Steven Johnson recently gave a great Ted talk on where ideas come from and how to foster them. He makes a compelling argument that new game changing ideas don’t just pop into our head in the classic Eureka moment, but that they grow slowly over long periods of time. They are made of up many parts inspiration, contemplation and collaboration . Ideas come from thinking about things with others and thinking about the same things for years or decades before we have the “ahha moment” where our thinking might finally crystallize into something new. Following this line of reasoning, the best way to cultivate new insight is collaboration and discussion and by working on things that interest us even if they don’t first appear to have a direct connection with what we might normally think are important problems.
If you don’t have time for the whole 17min Ted talk, don’t miss Steve’s excellent 4 minute animation on the same topic.
Link (via Complexity Digest)
Ok so I’m a physics geek. And one of the things we learned was how atoms or particles following simple laws for their individual motion, would result in the properties that we touch and feel in the materials of our every day world.
Think of an ocean wave. Each molecule of water is just responding to some simple forces from its nearby H2O buddies. But the collective behavior of billions of them is a smooth breaking wave exploding into an orchestra of bubbles and droplets cascading on the beach.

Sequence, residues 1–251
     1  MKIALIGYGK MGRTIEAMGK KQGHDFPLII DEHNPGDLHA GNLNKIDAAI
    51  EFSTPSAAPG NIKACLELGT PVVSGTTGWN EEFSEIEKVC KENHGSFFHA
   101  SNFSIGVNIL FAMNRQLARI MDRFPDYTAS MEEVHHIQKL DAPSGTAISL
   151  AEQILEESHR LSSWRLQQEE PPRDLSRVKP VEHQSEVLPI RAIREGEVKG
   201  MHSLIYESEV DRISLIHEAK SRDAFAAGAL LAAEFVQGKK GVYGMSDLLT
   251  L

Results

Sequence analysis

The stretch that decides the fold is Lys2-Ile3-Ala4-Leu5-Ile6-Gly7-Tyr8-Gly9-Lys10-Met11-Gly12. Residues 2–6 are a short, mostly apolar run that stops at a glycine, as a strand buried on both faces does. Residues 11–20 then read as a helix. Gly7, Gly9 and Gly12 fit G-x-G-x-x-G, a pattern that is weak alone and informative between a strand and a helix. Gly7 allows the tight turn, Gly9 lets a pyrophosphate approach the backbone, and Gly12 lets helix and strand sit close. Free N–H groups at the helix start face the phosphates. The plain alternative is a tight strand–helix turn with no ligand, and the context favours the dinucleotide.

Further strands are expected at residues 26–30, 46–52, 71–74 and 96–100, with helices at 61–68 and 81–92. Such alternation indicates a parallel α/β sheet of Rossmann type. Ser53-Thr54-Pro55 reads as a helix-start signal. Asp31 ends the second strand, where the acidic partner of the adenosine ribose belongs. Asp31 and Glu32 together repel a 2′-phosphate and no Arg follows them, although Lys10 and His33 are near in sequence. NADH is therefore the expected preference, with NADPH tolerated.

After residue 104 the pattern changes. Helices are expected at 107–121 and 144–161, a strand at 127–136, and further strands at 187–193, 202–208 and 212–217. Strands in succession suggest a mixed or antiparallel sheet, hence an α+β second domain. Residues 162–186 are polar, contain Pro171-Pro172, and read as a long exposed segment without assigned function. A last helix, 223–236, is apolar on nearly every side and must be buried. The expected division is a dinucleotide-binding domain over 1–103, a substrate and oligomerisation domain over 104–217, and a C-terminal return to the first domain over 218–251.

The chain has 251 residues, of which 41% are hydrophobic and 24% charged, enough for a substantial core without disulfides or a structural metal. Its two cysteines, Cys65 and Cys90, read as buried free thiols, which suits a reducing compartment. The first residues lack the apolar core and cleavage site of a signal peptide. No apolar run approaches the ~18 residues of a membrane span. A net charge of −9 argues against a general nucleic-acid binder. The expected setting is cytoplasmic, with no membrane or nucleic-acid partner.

What about people and societies. Can we describe the society that we want to have, and then work out what principles for individuals would result in this society?
Obviously this is oversimplified – just a way to think about things. Its not “society first”. A primary goal of the society is to have specific individual freedoms and protections. So the society is “designed” based on what we want for individuals.
Tim and Stephen and I met at Makers Faire in the SF bay area and then went for 2 nights camping in Big Basin state park among the mighty Redwoods. It was a wonderful re-union. And an extended brainstorm.
We’re all feeling transition in our lives. An emerging priority for us is searching to understand how we can improve the planet and the lives of those on it. Hey, its not selfless, we live here too.
We’re still interested in art and creativity and technology, they all have an important contribution to a healthy world.
But if you ask yourself, “How is the current state of the Earth?” Well, its just not good. Some people are doing fine, for so many its just terrible. Its just not acceptable. We wondered: Is there a set of principles that if followed by everyone would result in a just world where everyone has enough? I suppose that sounds similar to a religion or the laws of a country. But pare it down, what is this core? Is it something we can agree on, regardless of faith or nationality. And if so – how do we implement it?
What could dandelion collective be if it was a large group? We explored the idea of a network of people that shared a core set of common principles and passions. How could this group help its participants? What could this group accomplish in the world?
We felt this was worth exploring further and that a blog would be a good way to do that. And here you are.
We’ll investigate this, and invite you to subscribe to follow the discussion, and join it via comments. If we come up with something that makes sense, then we’ll create this network – but not ‘dandelion collective’, something new.
What would it be called?